My last email was sent very quickly when we had Internet connection, which has become quite a problem. Those marinas which boast that they have it tell stories. I have been reduced to standing at a public terminal in Gothenburg railway station trying to transfer money, looking around furtively in case anyone is trying to see my passwords.
Another communication issue is electricity. Many of the marinas share their facilities with camper vans, huge camper vans, and there are always 20, sometimes 50 or more. I suppose if you have provided electricity to boats in the marina you might just as well provide hard standing for the motor homes.
We use electricity for our fridge, our water heater, and to charge up all those gadgets which we now need to keep us happy. On board we have one Mac, one pc,one iPad, two phones. And one camera. All need power.
The camper vans need electricity for their fridges, freezers, dishwashers I suspect, and their satellite televisions. If the drivers are not behind the wheel of their vans, they are sitting in front of their vans in their deck chairs watching other people, and they seem to be an overweight sort of person. Apologies to anyone who has a camper van and especially to Doris (the camper van) who is coming out to meet us in Denmark, but these are in a completely different league !
Food in Sweden is more expensive than in GB, but we don’t complain. Except the other day, when we were in a covered market, and decided to buy six eggs. The eggs were weighed, and the cost was £4.30 !!! Must be THE most expensive eggs we have ever bought. Then there were strawberries in the supermarket for £7.90, and this must be the height of the season?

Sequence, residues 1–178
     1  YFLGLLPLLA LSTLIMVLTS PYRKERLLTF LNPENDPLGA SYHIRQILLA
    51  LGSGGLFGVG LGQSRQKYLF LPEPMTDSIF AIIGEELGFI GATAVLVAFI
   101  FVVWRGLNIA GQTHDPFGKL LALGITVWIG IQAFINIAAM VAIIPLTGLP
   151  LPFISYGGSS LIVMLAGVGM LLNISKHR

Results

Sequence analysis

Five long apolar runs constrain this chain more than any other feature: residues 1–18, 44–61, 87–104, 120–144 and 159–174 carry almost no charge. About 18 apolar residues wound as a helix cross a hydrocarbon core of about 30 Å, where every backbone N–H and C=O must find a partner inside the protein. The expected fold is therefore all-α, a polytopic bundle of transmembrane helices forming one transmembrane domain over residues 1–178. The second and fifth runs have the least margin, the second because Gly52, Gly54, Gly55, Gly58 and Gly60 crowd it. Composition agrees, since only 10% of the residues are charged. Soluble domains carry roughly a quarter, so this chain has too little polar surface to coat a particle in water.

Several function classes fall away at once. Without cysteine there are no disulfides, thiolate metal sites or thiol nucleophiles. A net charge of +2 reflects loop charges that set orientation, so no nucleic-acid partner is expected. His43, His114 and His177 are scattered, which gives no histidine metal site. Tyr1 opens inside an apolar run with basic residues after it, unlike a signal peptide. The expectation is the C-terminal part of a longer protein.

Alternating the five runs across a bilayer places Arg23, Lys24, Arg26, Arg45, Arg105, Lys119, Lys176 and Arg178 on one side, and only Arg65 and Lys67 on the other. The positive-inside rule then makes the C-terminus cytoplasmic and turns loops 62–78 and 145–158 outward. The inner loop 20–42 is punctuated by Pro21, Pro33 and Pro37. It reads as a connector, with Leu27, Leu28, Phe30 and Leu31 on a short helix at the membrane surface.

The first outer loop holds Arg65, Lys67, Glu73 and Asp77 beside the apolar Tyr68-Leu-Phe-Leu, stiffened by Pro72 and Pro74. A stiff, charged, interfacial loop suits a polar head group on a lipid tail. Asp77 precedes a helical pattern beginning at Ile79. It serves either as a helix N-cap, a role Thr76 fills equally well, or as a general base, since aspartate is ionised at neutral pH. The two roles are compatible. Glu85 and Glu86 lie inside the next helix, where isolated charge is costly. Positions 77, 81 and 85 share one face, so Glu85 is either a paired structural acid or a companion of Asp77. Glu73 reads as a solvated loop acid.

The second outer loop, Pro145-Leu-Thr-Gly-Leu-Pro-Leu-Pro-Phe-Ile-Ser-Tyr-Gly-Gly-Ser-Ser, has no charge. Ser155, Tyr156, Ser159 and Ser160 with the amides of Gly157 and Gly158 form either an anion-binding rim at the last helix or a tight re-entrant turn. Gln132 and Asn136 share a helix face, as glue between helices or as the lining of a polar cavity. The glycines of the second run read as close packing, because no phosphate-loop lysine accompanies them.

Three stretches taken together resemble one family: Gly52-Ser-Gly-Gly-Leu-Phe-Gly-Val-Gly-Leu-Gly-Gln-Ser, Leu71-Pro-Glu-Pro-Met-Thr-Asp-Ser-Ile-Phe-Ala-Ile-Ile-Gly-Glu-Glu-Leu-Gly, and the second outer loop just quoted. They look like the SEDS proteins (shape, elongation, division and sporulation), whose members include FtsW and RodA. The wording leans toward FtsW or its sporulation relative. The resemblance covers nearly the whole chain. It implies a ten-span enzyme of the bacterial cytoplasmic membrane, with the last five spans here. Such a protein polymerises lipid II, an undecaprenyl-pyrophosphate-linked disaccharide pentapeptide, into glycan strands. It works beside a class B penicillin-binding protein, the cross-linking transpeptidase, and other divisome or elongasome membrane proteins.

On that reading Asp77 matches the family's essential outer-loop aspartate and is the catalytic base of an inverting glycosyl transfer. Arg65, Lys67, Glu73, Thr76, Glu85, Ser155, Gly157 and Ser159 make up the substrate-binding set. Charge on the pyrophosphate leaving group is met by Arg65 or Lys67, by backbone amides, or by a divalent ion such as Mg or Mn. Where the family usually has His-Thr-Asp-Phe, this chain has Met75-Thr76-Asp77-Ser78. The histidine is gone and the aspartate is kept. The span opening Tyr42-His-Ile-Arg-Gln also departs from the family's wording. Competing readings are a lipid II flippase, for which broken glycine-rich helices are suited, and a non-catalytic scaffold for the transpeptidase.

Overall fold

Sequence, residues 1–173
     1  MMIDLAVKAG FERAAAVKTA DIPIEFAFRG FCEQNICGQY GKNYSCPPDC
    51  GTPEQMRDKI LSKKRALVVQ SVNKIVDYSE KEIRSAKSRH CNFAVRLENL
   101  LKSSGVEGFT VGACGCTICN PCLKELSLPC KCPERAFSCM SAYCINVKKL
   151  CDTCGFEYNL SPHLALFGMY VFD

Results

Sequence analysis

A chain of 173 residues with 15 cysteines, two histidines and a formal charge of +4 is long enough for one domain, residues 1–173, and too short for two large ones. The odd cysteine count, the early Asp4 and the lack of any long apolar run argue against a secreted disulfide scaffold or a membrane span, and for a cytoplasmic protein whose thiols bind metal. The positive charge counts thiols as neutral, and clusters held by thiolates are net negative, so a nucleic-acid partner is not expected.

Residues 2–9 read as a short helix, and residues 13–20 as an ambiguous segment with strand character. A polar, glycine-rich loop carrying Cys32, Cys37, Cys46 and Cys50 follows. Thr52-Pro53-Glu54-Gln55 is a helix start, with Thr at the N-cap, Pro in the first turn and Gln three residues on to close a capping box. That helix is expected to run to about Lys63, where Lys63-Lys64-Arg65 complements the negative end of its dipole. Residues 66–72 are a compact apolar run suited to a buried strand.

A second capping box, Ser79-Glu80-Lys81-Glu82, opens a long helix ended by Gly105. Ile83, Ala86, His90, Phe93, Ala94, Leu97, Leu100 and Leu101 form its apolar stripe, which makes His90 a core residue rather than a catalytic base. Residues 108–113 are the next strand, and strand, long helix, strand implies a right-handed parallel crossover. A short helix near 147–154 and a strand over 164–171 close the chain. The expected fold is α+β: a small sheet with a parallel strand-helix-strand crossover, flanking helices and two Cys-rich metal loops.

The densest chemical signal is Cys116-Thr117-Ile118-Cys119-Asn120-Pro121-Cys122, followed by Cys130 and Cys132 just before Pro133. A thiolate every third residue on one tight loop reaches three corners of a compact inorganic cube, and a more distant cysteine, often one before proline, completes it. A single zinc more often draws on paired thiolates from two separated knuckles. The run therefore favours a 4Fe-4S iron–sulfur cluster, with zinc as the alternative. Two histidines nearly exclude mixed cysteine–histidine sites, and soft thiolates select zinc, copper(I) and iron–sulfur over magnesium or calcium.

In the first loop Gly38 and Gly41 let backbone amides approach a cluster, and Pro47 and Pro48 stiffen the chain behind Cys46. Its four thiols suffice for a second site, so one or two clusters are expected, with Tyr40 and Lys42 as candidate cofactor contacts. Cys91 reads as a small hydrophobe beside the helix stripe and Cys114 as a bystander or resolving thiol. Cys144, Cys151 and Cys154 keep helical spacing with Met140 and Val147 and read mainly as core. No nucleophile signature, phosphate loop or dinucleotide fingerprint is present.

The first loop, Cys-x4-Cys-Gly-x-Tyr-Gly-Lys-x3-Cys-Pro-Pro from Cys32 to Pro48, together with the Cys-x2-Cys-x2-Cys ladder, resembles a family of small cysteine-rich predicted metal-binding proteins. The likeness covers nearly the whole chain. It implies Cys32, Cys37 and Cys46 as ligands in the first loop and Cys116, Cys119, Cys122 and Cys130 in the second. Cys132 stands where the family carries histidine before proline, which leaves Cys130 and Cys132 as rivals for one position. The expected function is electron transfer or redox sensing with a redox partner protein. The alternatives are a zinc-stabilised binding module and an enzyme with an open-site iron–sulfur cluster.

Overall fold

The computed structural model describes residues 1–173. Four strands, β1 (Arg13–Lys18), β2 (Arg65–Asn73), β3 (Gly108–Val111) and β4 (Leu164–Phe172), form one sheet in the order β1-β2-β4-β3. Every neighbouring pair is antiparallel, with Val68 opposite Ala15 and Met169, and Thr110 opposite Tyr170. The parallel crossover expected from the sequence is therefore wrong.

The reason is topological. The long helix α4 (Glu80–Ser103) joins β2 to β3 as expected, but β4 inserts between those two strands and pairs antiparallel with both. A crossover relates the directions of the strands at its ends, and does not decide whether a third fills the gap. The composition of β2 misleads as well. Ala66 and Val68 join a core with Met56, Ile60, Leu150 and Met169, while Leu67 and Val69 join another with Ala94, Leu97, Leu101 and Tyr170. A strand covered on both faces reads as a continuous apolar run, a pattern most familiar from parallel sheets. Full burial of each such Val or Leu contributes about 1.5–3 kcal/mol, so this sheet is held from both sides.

We were going out one night in Vanersberg, meeting Andrew and Susan in a bar where the Blues Brothers were playing. Not the real Blues Brothers, obviously, but a lookalike. Anyway, we had just crossed the railway lines (no gates for pedestrians here but that may be because the lines are not electrified), and came across grandmother, pushing a three year old in a pushchair and carrying a bag. Then came mother pushing a carry cot on wheels laden to about four feet high with bags, cases, and boxes. Then, over the other side of the road were two more cases. Mother had parked the carry cot on wheels on one side of the road, and had come back to get the other two cases.
As is his wont, Hugh offered to help with the two cases so at least the whole party were together. The mother was very grateful. She had arrived home from Stockholm with her worldly goods and had to get them from the train station to a flat. Hugh is such a gentleman, so then said he would help them by taking the cases to their home.